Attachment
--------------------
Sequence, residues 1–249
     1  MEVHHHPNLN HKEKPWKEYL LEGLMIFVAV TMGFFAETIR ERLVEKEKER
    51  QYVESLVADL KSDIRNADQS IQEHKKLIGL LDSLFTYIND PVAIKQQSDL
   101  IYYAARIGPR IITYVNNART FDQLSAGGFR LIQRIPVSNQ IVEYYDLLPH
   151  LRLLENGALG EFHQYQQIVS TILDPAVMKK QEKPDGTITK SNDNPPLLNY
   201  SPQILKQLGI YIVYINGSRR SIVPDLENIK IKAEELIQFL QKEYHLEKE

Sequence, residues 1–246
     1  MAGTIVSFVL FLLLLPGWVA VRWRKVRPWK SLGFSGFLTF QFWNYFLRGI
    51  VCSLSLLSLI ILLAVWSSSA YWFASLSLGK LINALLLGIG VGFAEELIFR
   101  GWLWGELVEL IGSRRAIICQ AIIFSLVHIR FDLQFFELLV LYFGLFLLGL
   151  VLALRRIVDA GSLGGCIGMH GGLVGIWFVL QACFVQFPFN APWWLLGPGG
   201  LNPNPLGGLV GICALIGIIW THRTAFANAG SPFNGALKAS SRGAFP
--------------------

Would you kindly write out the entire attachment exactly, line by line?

Sequence, residues 1–249
     1  MEVHHHPNLN HKEKPWKEYL LEGLMIFVAV TMGFFAETIR ERLVEKEKER
    51  QYVESLVADL KSDIRNADQS IQEHKKLIGL LDSLFTYIND PVAIKQQSDL
   101  IYYAARIGPR IITYVNNART FDQLSAGGFR LIQRIPVSNQ IVEYYDLLPH
   151  LRLLENGALG EFHQYQQIVS TILDPAVMKK QEKPDGTITK SNDNPPLLNY
   201  SPQILKQLGI YIVYINGSRR SIVPDLENIK IKAEELIQFL QKEYHLEKE

Sequence, residues 1–246
     1  MAGTIVSFVL FLLLLPGWVA VRWRKVRPWK SLGFSGFLTF QFWNYFLRGI
    51  VCSLSLLSLI ILLAVWSSSA YWFASLSLGK LINALLLGIG VGFAEELIFR
   101  GWLWGELVEL IGSRRAIICQ AIIFSLVHIR FDLQFFELLV LYFGLFLLGL
   151  VLALRRIVDA GSLGGCIGMH GGLVGIWFVL QACFVQFPFN APWWLLGPGG
   201  LNPNPLGGLV GICALIGIIW THRTAFANAG SPFNGALKAS SRGAFP